The 13 youth golfers who participated in the lesson got the chance to test out the Red Bridge Wee Links — which is a new six-hole, 145-yard course — that opened on July 4 to replace the old artificial greens putt-putt course. Although there have been a few rounds played on the new addition to the Eudora complex over the past week and a half, the lesson for The First Tee class marked the first event that was held on the Red Bridge Wee Links.

“It was tremendous fun because it was a dream to build the Red Bridge Wee Links. Now having it there, it’s really exceeded what my expectations were,” Jeff Burey, a PGA professional and Twin Oaks Golf Complex owner, said. “The kids just really love it. They’re going to become really, really good players because of being able to master their short game.”

Prior to the kids getting their first crack on the new course, Burey and First Tee lead instructor Robert Sweeney briefly explained to them the process of creating the Red Bridge Wee Links. Rather than going into detail on how the irrigation system was put in or how the course was sodded, Sweeney stuck with a simple message that hit home with the kids.

“Every golf course begins by planting seeds. With those seeds, you don’t know what’s going to happen,” Sweeney said at the beginning of the class. “You just hope that something is going to happen. The kind of seeds you put down really makes a difference. Jeff did a lot of research and he has a lifetime of experience, so he figured out what the best seeds are for a project like this.”


George Conover hits a tee shot on the second hole of the Red Bridge Wee Links course on Saturday at the Twin Oaks Golf Complex in Eudora.

Sweeney saw several parallels with how the Red Bridge Wee Links came to fruition and how the youth golfers have been picking up ins and outs of the game.

“I’m really pleased with this new addition to the course. I think with learning the game of golf and teaching the game of golf that the concept of target awareness and distance control are such fundamental aspects of learning the game,” Sweeney said. “When you can shrink the course and make it manageable, you get the same effects of golf on a large course, but it’s attainable. I think it sets up an encouraging experience for the kids and I think that’s the most important thing is that they come away and they don’t feel overwhelmed and defeated.”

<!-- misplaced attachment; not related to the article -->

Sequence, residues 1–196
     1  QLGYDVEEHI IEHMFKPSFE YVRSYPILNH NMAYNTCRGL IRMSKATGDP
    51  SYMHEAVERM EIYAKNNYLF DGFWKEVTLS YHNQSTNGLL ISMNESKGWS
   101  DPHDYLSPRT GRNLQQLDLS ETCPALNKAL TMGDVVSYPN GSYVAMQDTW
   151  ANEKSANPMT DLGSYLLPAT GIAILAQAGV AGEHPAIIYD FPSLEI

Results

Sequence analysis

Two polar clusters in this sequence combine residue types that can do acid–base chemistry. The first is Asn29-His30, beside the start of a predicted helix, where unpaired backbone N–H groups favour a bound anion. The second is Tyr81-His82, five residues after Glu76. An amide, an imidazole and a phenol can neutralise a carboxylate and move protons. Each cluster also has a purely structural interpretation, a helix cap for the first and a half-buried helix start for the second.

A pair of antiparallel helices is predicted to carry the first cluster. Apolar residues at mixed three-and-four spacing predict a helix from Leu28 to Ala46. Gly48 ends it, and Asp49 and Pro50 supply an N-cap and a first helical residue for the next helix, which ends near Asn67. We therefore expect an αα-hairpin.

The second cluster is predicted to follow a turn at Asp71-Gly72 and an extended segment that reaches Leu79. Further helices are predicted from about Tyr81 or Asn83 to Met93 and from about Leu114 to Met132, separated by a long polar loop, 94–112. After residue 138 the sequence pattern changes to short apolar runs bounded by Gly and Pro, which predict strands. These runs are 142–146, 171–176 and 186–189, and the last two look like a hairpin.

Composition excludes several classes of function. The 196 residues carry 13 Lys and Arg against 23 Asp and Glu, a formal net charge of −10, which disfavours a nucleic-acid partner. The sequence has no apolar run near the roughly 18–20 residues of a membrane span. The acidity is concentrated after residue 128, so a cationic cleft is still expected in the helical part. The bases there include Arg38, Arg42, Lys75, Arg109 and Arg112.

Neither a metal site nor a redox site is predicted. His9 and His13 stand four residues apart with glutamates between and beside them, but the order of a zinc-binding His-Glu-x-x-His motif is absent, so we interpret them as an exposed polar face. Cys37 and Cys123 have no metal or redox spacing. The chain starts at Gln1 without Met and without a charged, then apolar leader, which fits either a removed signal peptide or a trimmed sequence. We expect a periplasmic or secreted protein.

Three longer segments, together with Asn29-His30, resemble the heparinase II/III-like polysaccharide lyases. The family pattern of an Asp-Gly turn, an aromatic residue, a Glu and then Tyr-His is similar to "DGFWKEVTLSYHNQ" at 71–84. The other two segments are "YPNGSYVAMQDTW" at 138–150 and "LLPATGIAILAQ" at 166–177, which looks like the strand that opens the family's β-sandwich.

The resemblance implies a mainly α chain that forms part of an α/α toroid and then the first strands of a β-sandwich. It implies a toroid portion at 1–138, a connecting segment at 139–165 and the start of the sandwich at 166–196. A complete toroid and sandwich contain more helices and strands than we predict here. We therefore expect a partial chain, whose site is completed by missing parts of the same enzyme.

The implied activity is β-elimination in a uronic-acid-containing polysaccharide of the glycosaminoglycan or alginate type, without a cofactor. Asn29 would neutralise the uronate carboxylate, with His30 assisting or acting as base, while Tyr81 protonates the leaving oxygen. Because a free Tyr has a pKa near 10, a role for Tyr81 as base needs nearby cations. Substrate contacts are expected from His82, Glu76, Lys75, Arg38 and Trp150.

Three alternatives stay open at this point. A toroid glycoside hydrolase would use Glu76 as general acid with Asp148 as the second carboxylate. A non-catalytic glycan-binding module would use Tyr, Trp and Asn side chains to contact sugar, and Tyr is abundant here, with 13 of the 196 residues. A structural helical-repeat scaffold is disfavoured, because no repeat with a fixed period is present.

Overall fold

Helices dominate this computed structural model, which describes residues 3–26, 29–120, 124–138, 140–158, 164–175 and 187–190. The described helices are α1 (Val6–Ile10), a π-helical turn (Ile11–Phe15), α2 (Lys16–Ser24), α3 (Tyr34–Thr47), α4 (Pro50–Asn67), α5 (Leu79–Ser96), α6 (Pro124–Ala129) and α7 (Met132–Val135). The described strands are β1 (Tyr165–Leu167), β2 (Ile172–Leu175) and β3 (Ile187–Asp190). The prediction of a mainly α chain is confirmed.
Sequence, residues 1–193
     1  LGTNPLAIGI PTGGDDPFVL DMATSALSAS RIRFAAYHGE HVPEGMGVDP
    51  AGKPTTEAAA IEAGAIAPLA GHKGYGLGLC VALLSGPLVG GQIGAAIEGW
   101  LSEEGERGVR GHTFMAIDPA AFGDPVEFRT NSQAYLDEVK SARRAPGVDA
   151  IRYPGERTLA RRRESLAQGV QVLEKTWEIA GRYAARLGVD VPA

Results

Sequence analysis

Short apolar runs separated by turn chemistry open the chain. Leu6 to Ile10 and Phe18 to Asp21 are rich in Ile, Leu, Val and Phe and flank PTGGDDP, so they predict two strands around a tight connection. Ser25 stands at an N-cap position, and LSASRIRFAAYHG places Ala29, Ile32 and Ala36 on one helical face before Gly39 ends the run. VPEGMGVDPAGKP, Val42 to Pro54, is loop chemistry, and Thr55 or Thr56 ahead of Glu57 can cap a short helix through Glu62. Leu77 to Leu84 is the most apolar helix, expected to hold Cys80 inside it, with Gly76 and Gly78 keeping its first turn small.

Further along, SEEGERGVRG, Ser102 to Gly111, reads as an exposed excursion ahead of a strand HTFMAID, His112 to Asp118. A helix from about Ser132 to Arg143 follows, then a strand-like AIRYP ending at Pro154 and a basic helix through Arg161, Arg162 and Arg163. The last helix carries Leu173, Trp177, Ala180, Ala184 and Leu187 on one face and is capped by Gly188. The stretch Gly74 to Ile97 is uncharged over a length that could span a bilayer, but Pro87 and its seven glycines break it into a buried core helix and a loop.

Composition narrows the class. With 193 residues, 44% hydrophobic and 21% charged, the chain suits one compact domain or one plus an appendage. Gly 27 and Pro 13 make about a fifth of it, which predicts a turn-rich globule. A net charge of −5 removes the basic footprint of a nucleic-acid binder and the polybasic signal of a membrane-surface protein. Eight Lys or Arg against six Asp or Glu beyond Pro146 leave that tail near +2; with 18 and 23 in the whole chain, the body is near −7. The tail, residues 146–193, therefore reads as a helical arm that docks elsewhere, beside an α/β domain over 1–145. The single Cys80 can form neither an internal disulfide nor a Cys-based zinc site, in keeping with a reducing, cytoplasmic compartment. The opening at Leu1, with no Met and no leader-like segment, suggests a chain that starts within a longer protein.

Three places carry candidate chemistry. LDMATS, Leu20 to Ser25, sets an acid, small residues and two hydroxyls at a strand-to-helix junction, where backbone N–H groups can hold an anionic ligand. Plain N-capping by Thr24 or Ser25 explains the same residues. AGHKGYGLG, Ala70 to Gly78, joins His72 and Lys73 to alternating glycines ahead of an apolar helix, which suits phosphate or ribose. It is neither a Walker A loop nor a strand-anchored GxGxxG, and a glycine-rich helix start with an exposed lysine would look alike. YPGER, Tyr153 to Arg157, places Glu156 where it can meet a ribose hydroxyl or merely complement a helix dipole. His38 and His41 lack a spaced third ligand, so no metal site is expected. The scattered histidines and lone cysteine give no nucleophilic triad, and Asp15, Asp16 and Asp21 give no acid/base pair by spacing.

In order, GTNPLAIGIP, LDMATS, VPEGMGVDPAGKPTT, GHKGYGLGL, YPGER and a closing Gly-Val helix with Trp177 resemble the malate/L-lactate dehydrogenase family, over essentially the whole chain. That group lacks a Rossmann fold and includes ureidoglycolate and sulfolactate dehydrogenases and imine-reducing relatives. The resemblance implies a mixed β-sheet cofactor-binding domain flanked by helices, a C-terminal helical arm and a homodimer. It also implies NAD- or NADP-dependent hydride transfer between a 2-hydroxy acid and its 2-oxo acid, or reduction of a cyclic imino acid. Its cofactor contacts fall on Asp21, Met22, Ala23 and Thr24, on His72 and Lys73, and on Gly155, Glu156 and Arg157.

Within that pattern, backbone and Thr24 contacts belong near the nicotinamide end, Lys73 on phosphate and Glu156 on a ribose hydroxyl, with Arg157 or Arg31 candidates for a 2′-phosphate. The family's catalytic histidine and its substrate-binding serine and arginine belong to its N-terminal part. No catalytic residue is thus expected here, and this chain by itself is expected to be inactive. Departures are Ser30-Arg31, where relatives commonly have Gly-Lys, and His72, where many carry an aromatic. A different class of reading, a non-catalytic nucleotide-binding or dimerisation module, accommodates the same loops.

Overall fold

Charity Thompson was one of the youth golfers who got the chance to test out of the new course on Saturday. During the introduction of the class, Thompson showed off her medal from a recent drive, chip and putt competition she competed in. Thompson already had a grasp of Sweeney’s planting-the-seed concept from the drive, chip and putt competition since she thrived in two parts of it, but still had some work to do in order to get to her next goal.

“I’m getting really good. At the tournament, I got second place in driving and third place in chipping,” Thompson said. “You have to be in the top three to move on, but I finished in fourth place and missed it by one.”

Thompson was paired up with George Conover for The First Tee class’s round on the Red Bridge Wee Links. The highlight of Conover’s round was recording a birdie.


Joshua Barkus hits a putt on the first hole of the Red Bridge Wee Links course on Saturday at the Twin Oaks Golf Complex in Eudora.

“I really liked it just because it was challenging even though it was so short,” Conover said. “It’s hard to control it and make it go on those small greens.”

Tyce Bruns watched his son, Grady Bruns, hit the links with his First Tee classmates on Saturday. Tyce had nothing but rave reviews about the Red Bridge Wee Links and Twin Oaks in general, and had plenty of praise for how Burey and Sweeney have developed Grady’s golf game.

“It’s a great atmosphere for families and for kids just to get out and learn the game of golf. It’s great,” Tyce said. “I could leave him out here for four hours and he’d be fine with it. It’s wonderful.”

Tyce added, “We hadn’t had any exposure to any type of golf lessons, golf tournaments or anything organized, and Jeff is just great with kids. When we came out here the first time, we knew he was a pretty special guy and we took lessons. He’s amazing and he’s taken my kid to the next level, so it’s wonderful here.”

Burey lent a helping hand to the kids on a few practice shots before stepping back and smiling while they hit for themselves. Patience is a trait that Burey has emphasized a lot during lessons over the years. The golf pro admitted that he has needed to preach some patience to himself while watching the seeds on the Red Bridge Wee Links grow.